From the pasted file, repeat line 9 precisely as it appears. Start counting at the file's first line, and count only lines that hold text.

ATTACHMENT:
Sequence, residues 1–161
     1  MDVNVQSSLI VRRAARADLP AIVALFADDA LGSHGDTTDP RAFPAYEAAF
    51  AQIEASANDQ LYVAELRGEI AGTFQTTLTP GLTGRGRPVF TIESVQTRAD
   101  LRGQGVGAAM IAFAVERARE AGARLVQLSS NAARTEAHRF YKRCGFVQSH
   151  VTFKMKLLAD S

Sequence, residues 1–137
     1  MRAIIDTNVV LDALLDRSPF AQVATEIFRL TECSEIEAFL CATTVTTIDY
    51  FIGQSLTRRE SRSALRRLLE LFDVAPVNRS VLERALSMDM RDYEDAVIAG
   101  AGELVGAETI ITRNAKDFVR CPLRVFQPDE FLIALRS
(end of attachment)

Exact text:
   101  AGELVGAETI ITRNAKDFVR CPLRVFQPDE FLIALRS